JOHN CONSTABLE is one of the greatest painters of British weather. MARK EVANS reveals what you can learn from his sketches and diaries
John Constable (1776-1837) is best known today as the painter who transformed the art of landscape painting by combining the lessons of the Old Masters with his own profound observations of nature. This resulted in some of the most familiar and best-loved paintings of the English countryside.
He was also a peerless painter of the weather, whose depictions of the sky determined the remarkably expressive mood of his great landscapes such as The Hay Wain (1821) and Salisbury Cathedral from the Meadows (1831). These were based on many vibrant and spontaneous oil sketches which he painted mainly outdoors, direct from nature. The most spectacular were made on Hampstead Heath in 1821-2 and at Brighton in 1824. Some of the most radical are pure skyscapes in which the clouds appear alone. Constable’s interest in accurately depicting the sky coincided with an expansion of popular interest in science and the birth of modern meteorology, a subject he followed closely.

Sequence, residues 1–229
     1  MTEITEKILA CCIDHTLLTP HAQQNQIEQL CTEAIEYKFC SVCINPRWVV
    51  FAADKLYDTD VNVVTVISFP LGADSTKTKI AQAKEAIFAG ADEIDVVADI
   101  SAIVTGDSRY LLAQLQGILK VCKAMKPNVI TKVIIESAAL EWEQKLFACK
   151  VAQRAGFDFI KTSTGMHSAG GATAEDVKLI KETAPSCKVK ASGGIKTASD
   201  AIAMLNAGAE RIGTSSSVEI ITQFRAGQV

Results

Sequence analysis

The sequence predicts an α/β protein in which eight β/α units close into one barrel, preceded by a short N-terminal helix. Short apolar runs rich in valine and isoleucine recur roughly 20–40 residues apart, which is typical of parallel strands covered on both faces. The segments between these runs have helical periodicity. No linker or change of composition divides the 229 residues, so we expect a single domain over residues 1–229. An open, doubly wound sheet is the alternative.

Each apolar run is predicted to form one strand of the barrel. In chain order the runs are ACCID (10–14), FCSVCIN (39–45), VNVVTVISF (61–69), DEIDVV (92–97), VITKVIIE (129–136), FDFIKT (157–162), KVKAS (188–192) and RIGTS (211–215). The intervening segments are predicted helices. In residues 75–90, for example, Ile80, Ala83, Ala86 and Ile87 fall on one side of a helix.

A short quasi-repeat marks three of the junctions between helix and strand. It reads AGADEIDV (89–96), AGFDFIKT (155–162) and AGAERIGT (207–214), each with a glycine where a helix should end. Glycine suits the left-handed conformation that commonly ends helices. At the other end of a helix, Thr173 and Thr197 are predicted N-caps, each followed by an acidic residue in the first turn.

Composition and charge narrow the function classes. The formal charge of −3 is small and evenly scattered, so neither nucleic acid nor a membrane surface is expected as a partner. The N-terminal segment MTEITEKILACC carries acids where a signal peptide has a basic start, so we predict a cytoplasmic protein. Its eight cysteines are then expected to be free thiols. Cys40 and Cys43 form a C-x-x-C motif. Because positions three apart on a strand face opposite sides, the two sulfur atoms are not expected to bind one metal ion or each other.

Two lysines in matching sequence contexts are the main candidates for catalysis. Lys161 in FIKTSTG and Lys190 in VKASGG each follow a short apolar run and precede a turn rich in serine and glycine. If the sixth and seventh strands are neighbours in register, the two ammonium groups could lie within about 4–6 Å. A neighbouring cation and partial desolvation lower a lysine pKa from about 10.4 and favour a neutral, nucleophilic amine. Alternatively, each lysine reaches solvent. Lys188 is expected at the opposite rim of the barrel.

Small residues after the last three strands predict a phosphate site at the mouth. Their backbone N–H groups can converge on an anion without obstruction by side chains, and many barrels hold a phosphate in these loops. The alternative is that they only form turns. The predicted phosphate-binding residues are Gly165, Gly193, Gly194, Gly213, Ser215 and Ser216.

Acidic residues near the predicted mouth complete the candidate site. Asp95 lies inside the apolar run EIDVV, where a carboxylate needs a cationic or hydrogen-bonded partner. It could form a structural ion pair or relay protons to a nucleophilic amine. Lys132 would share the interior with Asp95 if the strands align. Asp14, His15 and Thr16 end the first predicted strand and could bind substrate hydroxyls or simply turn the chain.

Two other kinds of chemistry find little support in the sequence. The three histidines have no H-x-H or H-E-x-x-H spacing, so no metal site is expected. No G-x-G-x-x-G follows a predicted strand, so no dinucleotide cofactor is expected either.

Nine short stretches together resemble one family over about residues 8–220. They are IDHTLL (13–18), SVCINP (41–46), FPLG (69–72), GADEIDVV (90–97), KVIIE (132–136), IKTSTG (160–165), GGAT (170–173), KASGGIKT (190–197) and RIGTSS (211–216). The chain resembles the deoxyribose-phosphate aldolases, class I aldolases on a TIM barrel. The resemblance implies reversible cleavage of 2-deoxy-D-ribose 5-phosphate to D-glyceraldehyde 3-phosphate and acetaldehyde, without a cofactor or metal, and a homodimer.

HAMPSTEAD AND THE SKY STUDIES, 1819-24
On account of the poor health of Constable’s wife, Maria, the couple rented accommodation at Hampstead from August 1819, and settled there in 1827. High above the city, its elevated location and relatively smoke-free environment offered an ideal location to view the sky, as had been discovered over a century earlier by the Dutch master Willem van de Velde the younger (1633-1707).
At the British Institution on 13 July 1819 Constable studied two of van de Velde’s maritime paintings, and he could have read in his copy of William Gilpin’s On Landscape Painting: A Poem (1792) how his Dutch predecessor made cloud studies from a boat in the Thames, in black and white chalks on blue paper.
It can be no accident that Constable used this very technique in his earliest datable pure sky studies, one of which is inscribed 9 July 1819, just a few weeks before his move to Hampstead. From mid-October 1820 he began more systematically to sketch the skies in oils.
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